The Commercial War on Teacher Layoffs

When Cathleen P. Black, the schools chancellor, testified before the State Legislature on Tuesday about what she called the unavoidable teacher layoffs in New York City that would take place if the governor’s proposed education budget were approved, a line from her remarks might have rung familiar to regular watchers of television ads.

“The answer is obvious: Keep the most effective teachers, whether they have been in the system 2 years or 22 years,” Ms. Black told members of the Assembly and Senate budget committees.

Ms. Black borrowed the line from an op-ed piece she wrote last month. But since Thursday, a nearly identical line — spoken by a teacher — has been featured in a widely broadcast one-minute advertisement placed by backers of the mayor’s agenda, in a war of commercials with the teachers’ union on the issue of seniority-based firing.

Ms. Black, along with her boss, Mayor Michael R. Bloomberg, has been on a media blitz in recent weeks to urge the Legislature to end first-in-last-out firing for teachers. Ending seniority-based firing would permit the city to get rid of the worst teachers, not just the least experienced ones, when layoffs come, they argue.

The anti-seniority advertisement, paid for by an organization called Education Reform Now, features three New York City schoolteachers explaining why they think firing by seniority hurts children.

“If there have to be layoffs, we should keep the best teachers — it’s that simple,” Rogelio Herrera Jr., a teacher at Public School 1 in the Bronx, says in the ad. Finishing the thought, Jane Viau, a teacher at Frederick Douglass Academy in Harlem, says, “Whether that means they’re a second-year teacher or a 22nd-year teacher.”

The echo of the wording may be coincidental, but the close ties between the group that paid for the advertisement, the professionals that made it, and backers of the mayor’s education agenda are anything but.

Education Reform Now is an advocacy organization headed by Joel I. Klein, the former schools chancellor. The public relations company that produced the ad is SKD Knickerbocker, and its producer, the organization’s president said, is Josh Isay, a political consultant who advised Mr. Bloomberg during his 2005 re-election campaign and his 2008 fight to eliminate term limits.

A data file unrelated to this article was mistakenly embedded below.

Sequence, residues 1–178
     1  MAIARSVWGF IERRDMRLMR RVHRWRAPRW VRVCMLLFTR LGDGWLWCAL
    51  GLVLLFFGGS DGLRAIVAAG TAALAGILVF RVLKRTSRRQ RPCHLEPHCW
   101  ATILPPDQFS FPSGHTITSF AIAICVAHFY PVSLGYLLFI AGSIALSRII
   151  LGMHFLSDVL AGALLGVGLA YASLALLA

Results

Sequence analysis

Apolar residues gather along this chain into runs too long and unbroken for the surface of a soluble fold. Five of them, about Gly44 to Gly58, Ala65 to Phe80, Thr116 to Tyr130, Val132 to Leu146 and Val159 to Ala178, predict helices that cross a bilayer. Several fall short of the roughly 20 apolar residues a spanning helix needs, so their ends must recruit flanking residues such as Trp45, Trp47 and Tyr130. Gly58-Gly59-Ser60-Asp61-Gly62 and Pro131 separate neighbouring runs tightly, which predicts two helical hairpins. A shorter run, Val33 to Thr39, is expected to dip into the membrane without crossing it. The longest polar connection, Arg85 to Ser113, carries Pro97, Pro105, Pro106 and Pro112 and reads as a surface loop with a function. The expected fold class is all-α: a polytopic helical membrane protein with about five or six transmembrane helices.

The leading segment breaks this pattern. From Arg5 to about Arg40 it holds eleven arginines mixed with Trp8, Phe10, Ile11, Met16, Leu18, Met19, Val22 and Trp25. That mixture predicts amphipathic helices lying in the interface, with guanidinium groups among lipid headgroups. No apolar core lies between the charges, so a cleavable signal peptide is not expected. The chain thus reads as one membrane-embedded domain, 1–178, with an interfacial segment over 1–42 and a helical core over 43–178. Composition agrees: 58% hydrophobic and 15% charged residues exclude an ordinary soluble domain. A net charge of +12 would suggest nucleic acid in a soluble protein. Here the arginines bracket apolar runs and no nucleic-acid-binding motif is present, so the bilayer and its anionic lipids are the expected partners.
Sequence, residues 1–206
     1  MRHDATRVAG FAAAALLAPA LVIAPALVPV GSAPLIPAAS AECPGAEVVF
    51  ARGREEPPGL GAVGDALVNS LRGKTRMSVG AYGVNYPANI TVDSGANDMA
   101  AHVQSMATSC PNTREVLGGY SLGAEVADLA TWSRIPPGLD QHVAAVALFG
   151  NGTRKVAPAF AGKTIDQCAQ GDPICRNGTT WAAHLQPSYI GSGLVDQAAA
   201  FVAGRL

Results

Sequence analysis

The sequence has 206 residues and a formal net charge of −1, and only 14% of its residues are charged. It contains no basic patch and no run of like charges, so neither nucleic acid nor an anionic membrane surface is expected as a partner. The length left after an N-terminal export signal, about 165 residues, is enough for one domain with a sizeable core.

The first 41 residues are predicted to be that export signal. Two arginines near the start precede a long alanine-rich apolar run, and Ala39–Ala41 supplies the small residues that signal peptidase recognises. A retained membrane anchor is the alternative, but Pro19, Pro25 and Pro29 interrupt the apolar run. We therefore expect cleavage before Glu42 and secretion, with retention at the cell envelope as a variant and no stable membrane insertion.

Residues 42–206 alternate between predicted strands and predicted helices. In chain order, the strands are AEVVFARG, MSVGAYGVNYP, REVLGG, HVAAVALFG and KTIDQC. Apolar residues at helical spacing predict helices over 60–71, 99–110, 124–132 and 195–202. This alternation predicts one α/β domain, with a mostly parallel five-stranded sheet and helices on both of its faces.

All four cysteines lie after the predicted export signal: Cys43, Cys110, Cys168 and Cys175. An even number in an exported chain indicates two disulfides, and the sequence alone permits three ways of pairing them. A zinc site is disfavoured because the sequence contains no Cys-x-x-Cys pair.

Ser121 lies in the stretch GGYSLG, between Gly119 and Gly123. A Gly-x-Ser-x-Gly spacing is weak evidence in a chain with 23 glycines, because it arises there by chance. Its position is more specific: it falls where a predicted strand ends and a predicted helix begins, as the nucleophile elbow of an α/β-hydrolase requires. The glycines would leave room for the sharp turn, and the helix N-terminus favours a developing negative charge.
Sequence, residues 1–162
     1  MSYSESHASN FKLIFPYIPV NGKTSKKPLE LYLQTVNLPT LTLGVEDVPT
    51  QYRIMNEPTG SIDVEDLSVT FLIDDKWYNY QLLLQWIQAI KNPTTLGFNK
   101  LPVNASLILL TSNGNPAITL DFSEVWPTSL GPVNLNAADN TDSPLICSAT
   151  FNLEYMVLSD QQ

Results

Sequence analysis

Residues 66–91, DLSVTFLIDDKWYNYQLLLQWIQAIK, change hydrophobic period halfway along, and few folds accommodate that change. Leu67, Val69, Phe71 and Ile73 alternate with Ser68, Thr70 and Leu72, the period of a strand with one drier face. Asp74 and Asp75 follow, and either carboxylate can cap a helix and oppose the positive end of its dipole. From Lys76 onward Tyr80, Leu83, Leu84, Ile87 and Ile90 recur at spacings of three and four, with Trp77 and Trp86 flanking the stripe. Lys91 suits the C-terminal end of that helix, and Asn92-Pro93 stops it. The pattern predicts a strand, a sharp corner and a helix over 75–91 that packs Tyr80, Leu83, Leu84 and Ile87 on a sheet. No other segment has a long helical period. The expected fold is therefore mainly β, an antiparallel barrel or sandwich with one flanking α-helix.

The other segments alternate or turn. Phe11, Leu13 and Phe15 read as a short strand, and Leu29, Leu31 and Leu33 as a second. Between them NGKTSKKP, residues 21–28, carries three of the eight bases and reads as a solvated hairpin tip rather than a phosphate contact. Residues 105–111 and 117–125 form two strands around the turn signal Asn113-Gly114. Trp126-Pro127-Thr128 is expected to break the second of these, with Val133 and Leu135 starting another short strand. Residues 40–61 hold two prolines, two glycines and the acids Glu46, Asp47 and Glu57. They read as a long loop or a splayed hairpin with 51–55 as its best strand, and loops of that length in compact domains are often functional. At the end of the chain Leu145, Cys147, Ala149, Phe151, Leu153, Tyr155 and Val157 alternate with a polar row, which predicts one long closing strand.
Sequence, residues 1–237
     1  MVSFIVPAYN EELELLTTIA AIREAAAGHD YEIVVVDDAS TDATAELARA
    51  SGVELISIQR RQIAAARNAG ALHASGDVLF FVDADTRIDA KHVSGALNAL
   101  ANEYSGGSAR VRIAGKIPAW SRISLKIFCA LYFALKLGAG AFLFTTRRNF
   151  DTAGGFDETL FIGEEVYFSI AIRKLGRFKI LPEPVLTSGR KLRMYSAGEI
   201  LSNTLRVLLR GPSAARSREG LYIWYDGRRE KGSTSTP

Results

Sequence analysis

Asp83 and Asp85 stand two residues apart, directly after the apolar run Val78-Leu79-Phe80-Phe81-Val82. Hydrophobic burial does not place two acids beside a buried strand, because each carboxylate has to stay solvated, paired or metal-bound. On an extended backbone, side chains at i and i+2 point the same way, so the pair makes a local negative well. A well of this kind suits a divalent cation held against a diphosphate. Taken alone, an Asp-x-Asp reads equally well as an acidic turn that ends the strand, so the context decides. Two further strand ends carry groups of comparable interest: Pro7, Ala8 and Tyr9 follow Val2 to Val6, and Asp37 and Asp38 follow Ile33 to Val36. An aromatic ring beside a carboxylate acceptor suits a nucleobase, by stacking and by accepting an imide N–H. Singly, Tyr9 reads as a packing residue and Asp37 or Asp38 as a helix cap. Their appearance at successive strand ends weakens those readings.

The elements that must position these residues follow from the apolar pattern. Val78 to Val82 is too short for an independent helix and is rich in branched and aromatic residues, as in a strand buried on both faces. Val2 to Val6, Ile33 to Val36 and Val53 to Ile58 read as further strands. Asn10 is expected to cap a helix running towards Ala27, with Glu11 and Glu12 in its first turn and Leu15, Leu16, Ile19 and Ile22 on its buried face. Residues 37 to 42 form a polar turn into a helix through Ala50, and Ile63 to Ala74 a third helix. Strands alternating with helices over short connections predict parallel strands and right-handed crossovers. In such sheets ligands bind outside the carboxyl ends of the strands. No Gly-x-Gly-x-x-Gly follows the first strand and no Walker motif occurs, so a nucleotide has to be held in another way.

Bradley Tusk, the campaign manager for Mr. Bloomberg in his 2009 campaign, said in an e-mail that he helped conceptualize the advertisement. He has his own political consultancy, Tusk Strategies Inc. Also on staff at Education Reform Now, in charge of field operations, is Patrick Van Keerbergen, who worked on the mayor’s 2009 re-election campaign.

Stefan Friedman, an executive at Knickerbocker who has been a political consultant to the mayor, handles the Education Reform Now account. The firm also handles communications for Democrats for Education Reform, a political action committee that shares a telephone number with Education Reform Now’s New York Office. Joe Williams is both the executive director of Democrats for Education Reform and the president of Education Reform Now.

Knickerbocker also represents Educators 4 Excellence, which calls itself an “independent voice for educators” made up of former and current public-school teachers who oppose seniority-based firing. That group on Monday laid out a plan to more easily fire teachers that echoes Mr. Bloomberg’s public remarks on the subject.

And the three teachers in the Education Reform Now ad are part of Educators 4 Excellence, said Kerri Lyon, who handles their account at Knickerbocker, and who worked under Mr. Klein at the Department of Education press office until last year.

Mr. Williams said Monday that the groups he worked for have agendas similar to the mayor’s sometimes, but differences as well, and that they do push back.

“If we had a ban on hiring people who have worked for the mayor, we probably couldn’t hire anyone in New York,” he said of the political consultants Education Reform Now works with. Every one “was on the mayor’s payroll.”

In the other corner of the ring is the union, the United Federation of Teachers. It is spending more than $1 million running an anti-Bloomberg advertisement this month in high-profile slots, like during “Saturday Night Live” and the “Late Show with David Letterman.”

The union’s ads show the mayor next to a snow globe, raising the specter of his highly criticized management of the Dec. 26 blizzard, and argue that he should be trying to avoid all layoffs, not trying to press an anti-seniority agenda.

“This is about protecting our kids’ future,” a narrator intones, “and that’s a lot bigger than any snowstorm.”

While the union complains that the mayor and his advocates more often have the ear of the city’s media, Mr. Williams argued that the union has its own advantages in a media battle.

Democrats for Education Reform, Mr. Williams explained, is a political action committee, focused on raising money for politicians running for office, that reports to the Federal Election Commission. Education Reform Now is a nonprofit organization with similar goals but is not expressly political, he said.

“We always tell people, if we were allowed to be a labor union, it could all be done out of one group, and we wouldn’t have to worry about which pots of money we were raising for and all this kind of stuff,” he said. “But the Federal Election Commission is pretty clear about keeping political action committee dollars separate from advocacy dollars, and that forces us to jump through all these hoops.”


Every Tuesday, education beat reporters for The New York Times take you inside the New York City schools system. Have a tip? Send it to [email protected].

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